Topsham PD takes the concept of recycling to new heights.
If you were to look up the word "traditional" in the dictionary, you would see a picture of my chief sitting comfortably next to it. After his 23 years in the state police before coming to municipal law enforcement you would expect nothing less. So when the idea came up to purchase a Volvo as a cruiser rather than the usual 18-foot boat on wheels, we were tempted to start checking IDs when he came to work. Nonetheless, we bucked the trend and joined a small but growing group of law enforcement agencies that saw something in this Swedish automobile.
There it was: a shiny 1982 Volvo 240 DL. Even the officers didn't quite know what to make of it. I don't mind saying that we faced several objections at the time of the purchase, the two most serious being the price of the car and the fact that it wasn't American. To be quite frank, one reason we even considered the Volvo was that we weren't all that satisfied with the current crop of American made cruisers. As for the price, the $10,000 sticker could only be justified over time. What a bargain this car turned out to be. As one of the first operators, I can say that driving a Volvo as a cruiser presented a very unique experience, which included the looks of amazement and disbelief from motorists.
As per our practice, this car became our frontline cruiser. Twenty-four hours a day, seven days a week, this car served its community well until one fateful day.
In the late hours of May 1982, the officer operating the Volvo inadvertently turned into the path of another cruiser while in pursuit of an offender. The officer walked away from the accident; the Volvo did not.
Once the goodbyes were said and the Volvo began its journey to the great junkyard in the sky, we immediately went out and replaced it with an exact duplicate. This car, too, lived up to the standards established by its predecessor. For the next two years it served Topsham in the trenches, potholes and frost heaves as our frontline cruiser, asking little in return.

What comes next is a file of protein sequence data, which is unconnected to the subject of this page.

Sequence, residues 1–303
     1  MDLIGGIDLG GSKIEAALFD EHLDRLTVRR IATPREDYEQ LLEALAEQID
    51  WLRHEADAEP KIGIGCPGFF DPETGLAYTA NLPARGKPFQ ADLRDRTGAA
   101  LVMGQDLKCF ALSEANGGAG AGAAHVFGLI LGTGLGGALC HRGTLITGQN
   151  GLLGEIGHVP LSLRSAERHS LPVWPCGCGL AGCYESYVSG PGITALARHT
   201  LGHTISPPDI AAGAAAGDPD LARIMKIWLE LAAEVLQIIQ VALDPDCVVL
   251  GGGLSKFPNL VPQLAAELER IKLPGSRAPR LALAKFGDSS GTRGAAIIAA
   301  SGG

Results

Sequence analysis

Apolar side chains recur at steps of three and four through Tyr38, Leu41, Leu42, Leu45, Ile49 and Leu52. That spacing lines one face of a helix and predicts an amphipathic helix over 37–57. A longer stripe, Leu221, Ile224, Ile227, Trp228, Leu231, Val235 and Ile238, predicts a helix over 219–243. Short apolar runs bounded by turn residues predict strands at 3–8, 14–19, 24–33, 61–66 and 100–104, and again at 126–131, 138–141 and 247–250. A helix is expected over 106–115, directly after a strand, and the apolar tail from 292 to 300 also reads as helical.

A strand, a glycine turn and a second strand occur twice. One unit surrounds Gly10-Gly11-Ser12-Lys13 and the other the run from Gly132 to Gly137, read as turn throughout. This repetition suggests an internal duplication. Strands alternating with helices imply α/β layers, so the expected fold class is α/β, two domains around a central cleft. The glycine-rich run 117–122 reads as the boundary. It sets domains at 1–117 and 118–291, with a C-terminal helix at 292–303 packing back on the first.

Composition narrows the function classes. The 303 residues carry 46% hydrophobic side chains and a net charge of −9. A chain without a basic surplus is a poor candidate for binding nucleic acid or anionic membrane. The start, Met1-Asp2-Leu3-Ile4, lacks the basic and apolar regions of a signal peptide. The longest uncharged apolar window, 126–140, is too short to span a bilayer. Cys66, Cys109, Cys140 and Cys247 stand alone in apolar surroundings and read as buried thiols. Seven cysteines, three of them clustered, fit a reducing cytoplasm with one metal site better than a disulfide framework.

But like all good things, this too came to an end as it was time to face the realities of age and miles - not unlike us humans - and take on a new assignment.
For the next two years, our Volvo would perform as an unmarked cruiser, chauffeuring around the detective.
In 1986, however, someone new got behind the wheel. This one wore a uniform with a gold badge and stars on his collar. The Volvo became the personal cruiser for the chief of police.
Then, one summer afternoon in 1986, disaster struck. The chief had parked the Volvo on Main Street, right about the time an 18-wheeler was veering onto an adjacent road. At the precise moment of the turn, a wheel became dislodged from the trailer and decided to continue on its own up Main Street ... and into our Volvo.
The damage was extensive and the insurance company felt compelled to consider the Volvo totaled. The chief; however, worked out a deal with the insurance company, and for the next four years the little car continued to proudly parade our chief around Topsham, even getting to go home with him at night.
Then, one hot afternoon in July of 1990, our Volvo began its next tour of duty: a four-year stint as our animal control vehicle.
By now, our Volvo was eight years old and had been driven 170,000 miles. Its age and miles exceeded, by far, those of any previous police cruiser.
In 1994, the Volvo was parked for the last time by the police depal1ment. What was to become of this once proud professional?
As it turned out, Topsham's EMS director saw life where others saw junk. For two years our old friend could be seen zipping to ambulance runs, scenes of accidents or just transporting members of the EMS staff to training sessions.
In 1996, the Volvo traveled its last mile in the field of public safety. The hours, the miles, the drivers, the extremes of Maine weather have taken their toll on our old friend. But one thing is for sure: The taxpayers of Topsham got their money's worth from this car.
What's next, you ask? For $100 and a boost you can drive away in a legend.
Lt. Steven Edmondson is an IS-year veteran of the Topsham (Maine) Police Department and a regular columnist for the Bath-Brunswick Times Record. This is his first contribution to POLICE.